Like many kids, I learned how to ride a bicycle without training wheels at age six, with my parents and grandparents taking turns running up and down the sidewalk holding on to the back of my seat until that magical moment when they let go and I kept on riding. I remember singing “I love Pippy Longstocking, up and away, and a sha-na-na!” over and over…and over… and feeling really cool. It’s one of my clearest memories from childhood, and I think it’s because of the strong feeling of freedom and independence it gave me.
Fast-forward 30 years, and I’m happy to say that not much has changed. My daughter Audrey, currently age six, and I don’t own a car and happily ride our bikes around Long Beach, read Pippy stories, and are pretty independent young ladies. Long Beach is still flat, still warm and sunny, and still has more bikeable streets than many Southern California and U.S. cities.
One thing that has changed, at least in my life, is the advent of the co-pilot bike extension, also called a ‘tag-along,’ or what Audrey and I refer to as our ‘bike limo.’ This quick-release extension turns my bike into a tandem, with a seat, pedals and handlebars for Audrey behind me. It’s our ‘car,’ if you will, getting us to and from school, the grocery store, pizza nights out, and across town to events. Audrey absolutely loves it and often busts out into song while we’re riding.
After my Pippy bike memory, the next ones are as follows: riding my bike to elementary school, junior high, and part of high school with friends; riding along East Cliff Drive in Santa Cruz during college to beat the blues and stay in shape; riding a little in Claremont 2006-08; and then not riding again seriously until early 2010 in San Francisco, where I lived on a big hill and owned a very heavy and rusty mountain bike.
When I had lived in San Francisco previously, as well as Berkeley, Portland, and D.C., I really loved walking and taking public transit. It wasn’t until my friend, Amanda Ravenhill, reminded me it would be much faster to bike across the city than take the very slow bus. So I hopped on my bike and never looked back. I’m a busy woman, and bicycling made it possible for me to get more done. I was also quickly reminded how much fun it was to ride and that glorious feeling of independence and strength that comes with it.
I’m a sustainability consultant and founded my company Green Octopus Consulting in 2003. In July 2010, I decided to move back to Long Beach to help ‘green’ my hometown and, to most people’s surprise, not buy a car, only borrowing one occasionally, mostly for nighttime trips to Los Angeles. People thought I was irrational to attempt this, but I thought it would be a good experiment – and if I was successful, a good example to other parents and business owners.
Well, it’s been over a year now, and I'd say the experiment has been a success. Traveling by bike has pretty much revolutionized Audrey’s and my life. It has also given me a new career passion, as I’ve added one more service to my repetoireof helping cities develop and implement sustainability plans: I help get more people on bikes.
Soon after I moved back home, the city hired me to create and manage the nation’s first Bike Friendly Business District (BFBD) program in partnership with four business districts. With an MBA in Sustainable Management and history of working with business associations, the BFBD program is a great fit for my passions and strengths. I work with a large number of stakeholders in helping persuade community members to bike and buy local by offering free bike repairs, bike valets, a ‘Bike Saturdays’ discount program, bike photo portraits, fun bike-themed events, and a casual bike share system for merchants and their employees to go to meetings, run errands, and make deliveries.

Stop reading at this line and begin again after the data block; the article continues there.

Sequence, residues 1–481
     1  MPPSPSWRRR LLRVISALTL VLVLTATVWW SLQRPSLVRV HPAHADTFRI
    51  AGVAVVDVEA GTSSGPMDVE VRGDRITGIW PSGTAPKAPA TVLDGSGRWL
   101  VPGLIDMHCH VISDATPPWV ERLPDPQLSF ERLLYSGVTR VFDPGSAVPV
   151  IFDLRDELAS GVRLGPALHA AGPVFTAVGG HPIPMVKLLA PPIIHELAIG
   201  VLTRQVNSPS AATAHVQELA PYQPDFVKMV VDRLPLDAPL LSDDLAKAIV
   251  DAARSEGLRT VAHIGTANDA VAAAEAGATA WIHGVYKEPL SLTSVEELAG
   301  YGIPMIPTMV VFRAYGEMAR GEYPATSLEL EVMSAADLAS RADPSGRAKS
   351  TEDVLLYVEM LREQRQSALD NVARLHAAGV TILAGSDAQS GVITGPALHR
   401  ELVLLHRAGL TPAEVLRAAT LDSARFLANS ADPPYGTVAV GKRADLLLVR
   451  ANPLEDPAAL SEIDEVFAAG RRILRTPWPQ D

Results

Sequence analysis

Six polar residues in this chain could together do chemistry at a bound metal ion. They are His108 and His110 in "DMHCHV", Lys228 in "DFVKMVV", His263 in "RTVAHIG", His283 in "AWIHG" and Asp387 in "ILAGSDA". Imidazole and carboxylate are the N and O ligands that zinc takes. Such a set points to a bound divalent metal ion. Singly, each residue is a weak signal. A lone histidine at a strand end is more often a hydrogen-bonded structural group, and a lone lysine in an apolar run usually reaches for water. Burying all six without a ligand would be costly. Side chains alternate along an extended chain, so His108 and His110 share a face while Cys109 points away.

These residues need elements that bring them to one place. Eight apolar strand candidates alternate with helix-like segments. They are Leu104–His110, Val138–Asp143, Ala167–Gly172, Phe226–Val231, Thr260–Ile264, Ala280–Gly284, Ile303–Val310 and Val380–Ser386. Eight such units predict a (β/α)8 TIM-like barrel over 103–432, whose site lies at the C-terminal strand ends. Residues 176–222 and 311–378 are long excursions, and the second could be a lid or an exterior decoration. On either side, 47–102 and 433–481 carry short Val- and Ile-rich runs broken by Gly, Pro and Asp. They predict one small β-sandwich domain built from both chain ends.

When we bike instead of drive, the environmental and health benefits are obvious, but it’s also important to remember it helps keep local businesses in business and our neighborhoods vibrant. Having lived without a car for most of my life and knowing the joy of shopping local and developing relationships with local shop owners, I am grateful to be in a position to help others realize the same joy, especially business owners and parents, two groups that often think they’re too busy for bikes. It’s rewarding to see them realize how bikes are good for their bottom line and often more convenient than a car.
I often describe Long Beach as having gone through a political ‘climate change,’ because there is now an openness to discuss environmental sustainability and how to achieve it in our city whereas in the past, most people dismissed it. With that said, I rarely talk about environmentalism when talking bikes. Instead, I remind people that riding a bike is old school, Main Street, and American as apple pie. It’s also fiscally conservative and efficient.
If Audrey and I can influence families, business owners, and other community members to live car-light, we’ll feel like moving home to Long Beach hasn’t just benefited our own personal lives but perhaps also the lives and local economy of this town we love. But don’t get me wrong – we’ve got an entire nation to convert. This is just the beginning.
April Economides is the president of Green Octopus Consulting, which helps business districts realize triple bottom line success through old school ideas like bike-buy local programs and public space creation. She manages the City of Long Beach’s Bike Saturdays and Bike-Friendly Business District programs.